Still, a hotly contested approach for a customer experience strategy is the self-service approach – especially in retail.
We all have our personal opinions about how these work and when they should be used. I am more of a daily shopper, I like to be able to go in, quickly grab a few items and go through the self-checkout process.
If I have a full cart (perhaps once a month), I will go through a regular check-out lane. As a customer, this process usually works for me.
I also understand the other customer perspectives that the self-checkout approach limits the opportunity to interact with store employees and it de-personalizes the customer experience. It creates longer lines for those that want that personal support and service.
The 3 Assumptions of Self-Checkout
There is also the perspective of the business. It can help contain one of the biggest costs of any business – the employees. At times, you can limit the number of dedicated cashiers so employees can focus on other customer experience touchpoints when not needed at the front of the store. Then you have employees trained in two areas and scale to support the check-out process when it is busy.
Regardless of the scenario, there are three assumptions that make this process work for everyone:
- The customers will have the ability to choose the approach that suits them best – and the business is not ‘forcing the hand’ by shorting the cx budget of available staff
- That this can enhance the employee experience when employees see they have opportunities to benefit by learning new skills that both the company and the employee can leverage to their benefit
- Customers are honest when they are completing the transaction through their journey on any given day, and the retail can trust that customer
The third point is a complicated one – because it is part of the assumption with – or without – the self-checkout. There are plenty of ways that a customer (for lack of a better word) can steal or defraud a retailer.
How is self-checkout affecting the customer experience?
As we’ve seen in media coverage, there are some times that individuals are boldly walking out of stores with a cart full of groceries. We also hear about certain high-demand items that continue to be locked away from customers to avoid theft.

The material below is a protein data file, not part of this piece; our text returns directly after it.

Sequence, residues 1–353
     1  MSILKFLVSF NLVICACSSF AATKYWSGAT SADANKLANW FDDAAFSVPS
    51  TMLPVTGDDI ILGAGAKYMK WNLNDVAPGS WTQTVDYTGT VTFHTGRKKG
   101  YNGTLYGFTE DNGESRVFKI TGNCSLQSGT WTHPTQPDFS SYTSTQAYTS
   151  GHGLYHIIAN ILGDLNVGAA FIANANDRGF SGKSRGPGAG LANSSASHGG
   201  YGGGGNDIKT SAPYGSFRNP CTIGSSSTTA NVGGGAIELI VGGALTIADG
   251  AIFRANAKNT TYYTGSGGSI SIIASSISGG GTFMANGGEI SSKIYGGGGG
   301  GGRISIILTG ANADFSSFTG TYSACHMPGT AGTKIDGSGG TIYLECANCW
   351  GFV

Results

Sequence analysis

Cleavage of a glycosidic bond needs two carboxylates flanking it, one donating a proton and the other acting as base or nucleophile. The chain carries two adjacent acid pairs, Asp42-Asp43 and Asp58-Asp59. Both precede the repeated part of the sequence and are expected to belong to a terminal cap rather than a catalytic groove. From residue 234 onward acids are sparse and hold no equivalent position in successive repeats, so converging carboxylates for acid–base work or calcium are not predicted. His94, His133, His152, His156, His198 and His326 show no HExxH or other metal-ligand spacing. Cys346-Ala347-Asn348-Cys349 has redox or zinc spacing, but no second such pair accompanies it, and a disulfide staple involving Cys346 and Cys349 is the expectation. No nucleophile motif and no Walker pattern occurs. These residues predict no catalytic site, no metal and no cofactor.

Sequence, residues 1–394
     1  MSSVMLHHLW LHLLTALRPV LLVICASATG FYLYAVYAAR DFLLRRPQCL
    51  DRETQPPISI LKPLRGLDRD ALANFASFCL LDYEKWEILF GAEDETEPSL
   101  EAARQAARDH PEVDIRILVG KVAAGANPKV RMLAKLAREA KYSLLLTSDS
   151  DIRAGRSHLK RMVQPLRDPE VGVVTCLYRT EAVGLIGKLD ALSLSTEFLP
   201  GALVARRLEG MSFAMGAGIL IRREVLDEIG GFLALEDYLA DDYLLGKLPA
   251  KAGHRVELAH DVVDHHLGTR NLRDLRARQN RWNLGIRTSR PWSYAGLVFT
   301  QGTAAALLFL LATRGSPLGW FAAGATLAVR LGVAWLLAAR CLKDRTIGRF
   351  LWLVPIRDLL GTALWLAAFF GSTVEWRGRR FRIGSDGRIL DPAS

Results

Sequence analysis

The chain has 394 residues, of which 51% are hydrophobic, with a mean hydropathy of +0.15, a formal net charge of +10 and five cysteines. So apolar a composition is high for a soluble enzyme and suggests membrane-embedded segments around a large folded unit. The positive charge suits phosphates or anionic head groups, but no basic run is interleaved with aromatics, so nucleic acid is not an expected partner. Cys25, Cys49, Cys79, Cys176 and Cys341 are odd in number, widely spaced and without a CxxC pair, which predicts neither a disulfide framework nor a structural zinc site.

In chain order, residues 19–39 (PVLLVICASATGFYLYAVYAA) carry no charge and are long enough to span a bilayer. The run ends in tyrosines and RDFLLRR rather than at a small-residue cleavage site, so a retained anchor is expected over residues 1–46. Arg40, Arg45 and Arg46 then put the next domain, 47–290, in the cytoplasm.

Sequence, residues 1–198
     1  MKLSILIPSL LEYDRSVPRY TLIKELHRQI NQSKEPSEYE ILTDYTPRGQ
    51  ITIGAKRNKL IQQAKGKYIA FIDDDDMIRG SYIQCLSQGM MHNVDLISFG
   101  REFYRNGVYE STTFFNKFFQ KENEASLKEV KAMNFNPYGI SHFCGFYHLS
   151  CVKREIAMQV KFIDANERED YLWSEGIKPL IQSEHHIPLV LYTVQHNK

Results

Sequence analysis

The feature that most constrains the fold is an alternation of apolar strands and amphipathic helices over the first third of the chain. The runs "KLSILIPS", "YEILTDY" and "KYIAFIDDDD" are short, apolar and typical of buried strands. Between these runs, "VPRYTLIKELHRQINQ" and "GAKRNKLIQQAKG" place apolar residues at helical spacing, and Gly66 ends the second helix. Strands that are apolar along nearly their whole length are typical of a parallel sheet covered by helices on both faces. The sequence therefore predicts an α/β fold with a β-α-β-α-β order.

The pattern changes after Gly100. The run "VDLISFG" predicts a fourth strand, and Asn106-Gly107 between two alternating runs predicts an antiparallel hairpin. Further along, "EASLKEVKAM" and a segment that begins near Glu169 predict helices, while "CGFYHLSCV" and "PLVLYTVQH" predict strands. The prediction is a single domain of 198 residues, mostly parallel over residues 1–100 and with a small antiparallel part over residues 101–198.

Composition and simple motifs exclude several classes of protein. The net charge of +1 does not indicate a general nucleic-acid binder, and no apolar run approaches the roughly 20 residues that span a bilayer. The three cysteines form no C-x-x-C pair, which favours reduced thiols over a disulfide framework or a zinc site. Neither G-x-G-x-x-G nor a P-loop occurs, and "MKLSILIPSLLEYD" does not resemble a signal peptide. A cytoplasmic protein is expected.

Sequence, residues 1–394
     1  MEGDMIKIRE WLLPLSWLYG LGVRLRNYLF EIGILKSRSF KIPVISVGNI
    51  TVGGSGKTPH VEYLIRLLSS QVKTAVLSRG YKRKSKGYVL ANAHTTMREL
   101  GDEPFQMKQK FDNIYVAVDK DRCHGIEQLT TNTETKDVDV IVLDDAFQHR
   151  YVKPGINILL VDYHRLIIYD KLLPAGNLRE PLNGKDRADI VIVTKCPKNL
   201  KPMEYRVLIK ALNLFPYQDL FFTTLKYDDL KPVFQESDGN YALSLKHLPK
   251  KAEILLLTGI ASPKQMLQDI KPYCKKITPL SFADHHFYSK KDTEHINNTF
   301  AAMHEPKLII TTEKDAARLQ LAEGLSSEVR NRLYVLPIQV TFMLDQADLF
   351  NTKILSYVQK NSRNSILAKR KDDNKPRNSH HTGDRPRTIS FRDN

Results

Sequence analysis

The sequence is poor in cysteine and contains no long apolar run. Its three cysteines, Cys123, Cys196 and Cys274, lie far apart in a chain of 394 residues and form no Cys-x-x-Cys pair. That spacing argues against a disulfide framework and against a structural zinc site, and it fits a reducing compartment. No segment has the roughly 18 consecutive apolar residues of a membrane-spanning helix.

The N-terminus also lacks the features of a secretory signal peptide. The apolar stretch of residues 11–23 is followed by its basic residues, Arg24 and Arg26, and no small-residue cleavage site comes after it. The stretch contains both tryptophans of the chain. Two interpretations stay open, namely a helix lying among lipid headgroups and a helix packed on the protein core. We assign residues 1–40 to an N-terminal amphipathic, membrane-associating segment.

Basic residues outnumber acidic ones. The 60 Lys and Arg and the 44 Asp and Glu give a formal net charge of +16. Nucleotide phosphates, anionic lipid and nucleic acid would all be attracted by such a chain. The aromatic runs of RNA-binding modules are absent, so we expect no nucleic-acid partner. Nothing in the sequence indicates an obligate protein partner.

All of this, whether observed directly or indirectly, is affecting the experience.
While many customers know the retailer is not to blame for the actions of others, and they are taking steps to fight this problem, it is also true that these steps can even further impact the customer experience.
Actually, that happened to me this past weekend. As part of my routine, I went to the grocery store to purchase a few items. I had a cart with a few items that I had selected for dinner and a couple of other daily-use items.
After maneuvering through the complex line at the self-checkout (where some customers lack self-awareness and block the path with carts and families), I scanned all my items, paid, and placed them in my reusable shopping bag and back into my cart to make my way back to the parking lot.
Nothing extraordinary. That is until I reached the door. Suddenly, an alarm sounds, the wheels of the shopping trolley lock up and the doors lock in front of me. In a blink of an eye, I have two security personnel surround me and demand that I step back from my cart and hand over my receipt. The claim was that I did not pay for all the items I was attempting to walk out with.
After several minutes of an alarm continuing and all the attention on me as other patrons are unable to exit the store while this is all happening, I kept thinking of the impact on everyone involved. They had to wait while this issue was resolved, delaying them.
There is the “community impact”, with individuals wondering if they are part of the trend being shown in the media. Then there is the safety issue, with doors locked, what if there was an emergency?
After a few minutes, the security guard had reviewed every item in my bag, returned my receipt and sent me on my way. Obviously not able to apologize as it can open them up to legal ramifications, the treatment was less than ideal.
A good reputation is more valuable than moneyPublilius Syrus
I had hesitated to write about this, but suddenly I noticed the incident was mentioned by someone in social media, which would certainly impact their CX Reputation.
I’m sure anyone involved may have mentioned it if the grocer was capturing the Voice-of-the-Customer. As for me, I was understanding of my brief detainment as I’ve directly observed some of these brazen tactics by individuals with retailers and have previously worked within a retail chain and been on the other side of the battle.
However, it still raised many questions even in my own mind about the approach of letting the most brazen walk out the door, while detaining a paying customer – even if by accident (they would not disclose why I was flagged).
There are ways that a brand can look at this with a view on the customer and the company. First, a financial linkage analysis should be conducted based on these circumstances. Second, retailers should be paying closer attention to both the customer feedback loop and sentiment analysis. Finally, for good measure, the retailers should be using Outer Loop change management tools to build a long-term strategy.
Put simply, if there is no shift in actions, retailers only “customers” might be the ones walking out the door without paying.
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